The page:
Turkey's exports for the year 2007 increased by 23.49 percent over the previous year, reaching $105.9 billion, while exports in December grew by 7.68 percent to $9.4 billon over the same month in 2006.
Minister of State Kürşad Tüzmen offers Seniha Koşar, the wife of Tuğrul Koşar, who died two months ago, a present to commemorate her husband's contributions to Turkish the leather industry as well as to exports.
The Turkish Exporters Assembly (TİM) on Wednesday announced the December and year-end exports results at a press conference in İstanbul with the participation of Foreign Trade Minister Kürşad Tüzmen.
Speaking at the press conference TİM President Oğuz Satıcı said that in seven years Turkey's exports had increased by $80 billion, from $26 billion to $106 billion. He said the political stability in Turkey and the growth in the global economy had contributed significantly to this development.
However, Satıcı said the greatest role in this success belonged to the exporters themselves, as they had increased exports despite the fact that the exchange rate had dropped by 50 percent and input costs had increased by 50 percent. "Under these circumstances, no one can say exporters were inefficient," he emphasized.
Satıcı said there were many institutions that had set goals for themselves but that very few fulfilled them. "For example, the inflation target was unattainable for years, during which the exporters paid the highest price."
Satıcı emphasized that the engine of Turkey's growth has been exports since 2000. At that time exports' share in gross national product was 11.5 percent but has increased to around 25 percent today, Satıcı said. He pointed out that exports had grown by 23.49 percent in dollar terms but only by 12.31 percent in lira. "The gap demonstrates the loss of exporters [who earn in dollars and spend in lira]," he said.
At the same conference, Tüzmen said politics outshone economics on Turkey's 2007 agenda, and that although the priority of trade lagged behind other issues in 2007, exports nonetheless displayed a great performance. Tüzmen said the agenda would shift back to economics again in 2008 and that no excuses remained for them [the government] to not fulfill their duties.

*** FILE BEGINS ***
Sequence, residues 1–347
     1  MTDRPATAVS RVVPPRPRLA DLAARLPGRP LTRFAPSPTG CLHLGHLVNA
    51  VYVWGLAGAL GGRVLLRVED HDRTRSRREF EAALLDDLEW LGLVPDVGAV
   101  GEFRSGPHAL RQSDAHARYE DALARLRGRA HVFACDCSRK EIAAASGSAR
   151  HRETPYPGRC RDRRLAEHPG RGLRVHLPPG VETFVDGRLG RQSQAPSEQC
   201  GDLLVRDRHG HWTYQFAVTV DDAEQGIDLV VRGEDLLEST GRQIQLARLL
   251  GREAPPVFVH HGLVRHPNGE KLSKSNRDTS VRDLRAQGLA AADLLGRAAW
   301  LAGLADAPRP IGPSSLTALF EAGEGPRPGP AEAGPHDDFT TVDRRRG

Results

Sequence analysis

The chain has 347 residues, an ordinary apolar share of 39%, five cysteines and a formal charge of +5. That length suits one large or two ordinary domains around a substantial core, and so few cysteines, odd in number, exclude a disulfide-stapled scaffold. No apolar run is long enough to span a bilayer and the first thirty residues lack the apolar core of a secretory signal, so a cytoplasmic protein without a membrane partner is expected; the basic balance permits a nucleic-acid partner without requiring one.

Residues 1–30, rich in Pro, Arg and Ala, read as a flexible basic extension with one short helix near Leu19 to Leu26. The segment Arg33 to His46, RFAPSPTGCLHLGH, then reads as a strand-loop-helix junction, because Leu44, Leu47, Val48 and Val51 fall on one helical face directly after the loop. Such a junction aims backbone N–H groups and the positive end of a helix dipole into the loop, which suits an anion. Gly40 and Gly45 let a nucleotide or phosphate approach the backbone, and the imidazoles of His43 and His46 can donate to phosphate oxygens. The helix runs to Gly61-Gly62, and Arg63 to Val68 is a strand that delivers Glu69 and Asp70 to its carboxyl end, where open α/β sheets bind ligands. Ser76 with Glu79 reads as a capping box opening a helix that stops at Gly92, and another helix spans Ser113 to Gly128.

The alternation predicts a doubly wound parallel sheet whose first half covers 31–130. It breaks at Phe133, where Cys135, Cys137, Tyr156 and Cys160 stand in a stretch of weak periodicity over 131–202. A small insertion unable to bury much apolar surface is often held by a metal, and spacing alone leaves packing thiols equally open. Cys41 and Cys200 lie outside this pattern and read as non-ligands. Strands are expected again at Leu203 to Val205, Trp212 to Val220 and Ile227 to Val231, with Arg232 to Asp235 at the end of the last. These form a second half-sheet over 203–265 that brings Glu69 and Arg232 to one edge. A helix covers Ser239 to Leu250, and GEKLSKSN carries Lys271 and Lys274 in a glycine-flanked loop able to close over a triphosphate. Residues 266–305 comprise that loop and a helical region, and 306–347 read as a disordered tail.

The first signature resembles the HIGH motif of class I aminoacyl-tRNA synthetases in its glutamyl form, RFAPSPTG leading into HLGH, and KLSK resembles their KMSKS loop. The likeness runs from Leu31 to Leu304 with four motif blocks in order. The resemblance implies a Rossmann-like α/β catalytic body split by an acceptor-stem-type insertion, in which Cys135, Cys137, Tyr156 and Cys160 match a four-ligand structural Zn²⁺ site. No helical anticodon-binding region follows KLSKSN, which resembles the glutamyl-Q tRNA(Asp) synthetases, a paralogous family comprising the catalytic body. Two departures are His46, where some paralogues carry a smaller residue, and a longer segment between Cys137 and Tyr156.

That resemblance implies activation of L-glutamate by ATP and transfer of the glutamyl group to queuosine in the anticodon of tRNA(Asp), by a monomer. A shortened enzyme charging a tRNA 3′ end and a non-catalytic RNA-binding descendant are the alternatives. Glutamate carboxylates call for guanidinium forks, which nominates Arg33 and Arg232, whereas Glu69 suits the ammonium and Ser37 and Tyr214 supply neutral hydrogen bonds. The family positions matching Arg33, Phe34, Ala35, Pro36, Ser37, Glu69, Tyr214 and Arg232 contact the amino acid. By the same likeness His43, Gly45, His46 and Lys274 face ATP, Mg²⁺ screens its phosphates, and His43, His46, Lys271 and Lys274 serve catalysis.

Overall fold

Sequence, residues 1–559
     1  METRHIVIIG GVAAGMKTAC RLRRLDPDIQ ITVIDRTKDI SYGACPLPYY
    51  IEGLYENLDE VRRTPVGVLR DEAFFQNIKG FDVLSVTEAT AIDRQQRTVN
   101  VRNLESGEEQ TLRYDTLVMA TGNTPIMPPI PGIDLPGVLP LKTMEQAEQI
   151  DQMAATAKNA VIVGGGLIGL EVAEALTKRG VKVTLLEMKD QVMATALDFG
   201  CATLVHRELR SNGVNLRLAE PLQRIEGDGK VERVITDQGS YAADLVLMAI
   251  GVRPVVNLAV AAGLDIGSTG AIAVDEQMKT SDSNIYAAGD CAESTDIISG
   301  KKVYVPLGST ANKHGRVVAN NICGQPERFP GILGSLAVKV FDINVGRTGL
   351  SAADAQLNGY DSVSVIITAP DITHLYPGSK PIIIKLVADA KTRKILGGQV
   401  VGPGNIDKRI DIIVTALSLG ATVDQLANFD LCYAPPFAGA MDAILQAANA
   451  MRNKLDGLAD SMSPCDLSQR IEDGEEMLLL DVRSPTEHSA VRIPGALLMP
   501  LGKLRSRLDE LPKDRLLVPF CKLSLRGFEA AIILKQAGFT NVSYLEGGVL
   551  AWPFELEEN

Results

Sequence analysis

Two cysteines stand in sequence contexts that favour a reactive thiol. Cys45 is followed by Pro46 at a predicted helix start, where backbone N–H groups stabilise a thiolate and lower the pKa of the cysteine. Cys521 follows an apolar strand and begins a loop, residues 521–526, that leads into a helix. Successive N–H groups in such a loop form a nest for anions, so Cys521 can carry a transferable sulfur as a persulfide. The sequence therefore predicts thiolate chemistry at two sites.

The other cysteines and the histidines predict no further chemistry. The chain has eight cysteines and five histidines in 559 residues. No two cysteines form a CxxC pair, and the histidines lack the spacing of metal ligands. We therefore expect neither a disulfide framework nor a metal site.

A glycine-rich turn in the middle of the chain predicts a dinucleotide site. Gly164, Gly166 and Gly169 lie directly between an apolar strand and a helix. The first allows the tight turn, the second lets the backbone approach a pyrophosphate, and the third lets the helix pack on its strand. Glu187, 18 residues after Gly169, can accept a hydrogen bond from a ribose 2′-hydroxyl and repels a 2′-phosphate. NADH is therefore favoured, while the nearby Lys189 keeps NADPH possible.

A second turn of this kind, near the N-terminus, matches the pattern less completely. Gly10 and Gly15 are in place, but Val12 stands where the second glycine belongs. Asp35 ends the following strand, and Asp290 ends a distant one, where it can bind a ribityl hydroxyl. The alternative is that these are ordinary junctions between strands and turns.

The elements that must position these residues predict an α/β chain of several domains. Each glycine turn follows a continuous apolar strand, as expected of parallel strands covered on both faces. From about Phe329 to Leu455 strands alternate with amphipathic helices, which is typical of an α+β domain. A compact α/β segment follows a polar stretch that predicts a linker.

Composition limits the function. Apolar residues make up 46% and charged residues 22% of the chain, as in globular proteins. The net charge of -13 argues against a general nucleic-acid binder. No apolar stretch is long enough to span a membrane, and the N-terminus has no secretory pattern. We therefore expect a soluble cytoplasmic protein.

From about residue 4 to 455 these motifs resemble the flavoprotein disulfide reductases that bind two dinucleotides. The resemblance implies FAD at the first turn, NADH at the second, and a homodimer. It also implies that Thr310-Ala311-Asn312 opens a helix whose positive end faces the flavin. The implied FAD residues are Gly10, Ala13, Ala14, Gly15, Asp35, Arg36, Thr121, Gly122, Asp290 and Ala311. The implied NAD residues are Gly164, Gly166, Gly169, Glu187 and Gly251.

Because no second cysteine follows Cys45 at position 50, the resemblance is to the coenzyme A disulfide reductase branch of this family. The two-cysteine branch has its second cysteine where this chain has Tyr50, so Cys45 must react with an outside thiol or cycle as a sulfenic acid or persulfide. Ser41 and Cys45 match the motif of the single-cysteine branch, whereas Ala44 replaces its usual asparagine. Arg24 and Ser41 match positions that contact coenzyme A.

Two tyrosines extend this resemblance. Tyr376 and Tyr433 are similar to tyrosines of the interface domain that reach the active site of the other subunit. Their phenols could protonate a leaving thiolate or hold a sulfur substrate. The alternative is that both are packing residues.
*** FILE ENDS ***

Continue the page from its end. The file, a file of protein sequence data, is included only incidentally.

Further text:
According to Tüzmen December exports alone exceeded $9 billion, which is equal to many of Turkey's neighboring countries' annual exports. He also said the Turkish exports in a single sector (industrial exports) were more than the total exports of many European countries. The target for exports in the government program was $118 billion for 2008, "However, I expect you to hit $125 billion in exports this year," he told exporters, adding it was necessary in order to reach the $200 billion threshold four years later.
Tüzmen pointed out that by exceeding $100 billion in exports, Turkey had entered a new league. He said first generation industrialist countries like Germany, France and Japan exceeded the $100 billion threshold in the 1970s; second generation Holland and England surpassed it in the late 1980s, Italy in early the 1990s, and Korea and Spain in the late 1990s. He said emerging countries Brazil and India had passed the $100 billion mark in 2005 and 2006, respectively.
Industrial exports hit $92 billion
According to the TİM data the highest exports were made in industrial products, worth nearly $92 billion in 2007. The highest increase was in hazelnut and hazelnut products exports with a 31.85 percent rise. The increase in chemicals and chemical product exports took second spot with 30.08 percent raise. Carpet exports grew 23.87 percent and vehicles and spare parts exports by 22.9 percent.
In December, industrial exports got the highest share again in total exports with $8.2 billion. The most significant decline in December exports was in leather and leather products, with a 34.61 percent drop.
For all of 2007, Germany got the first spot among the countries Turkey exports to. This was followed by the UK, Italy, France, Russia, Spain, the US, Romania, Holland and the UAE.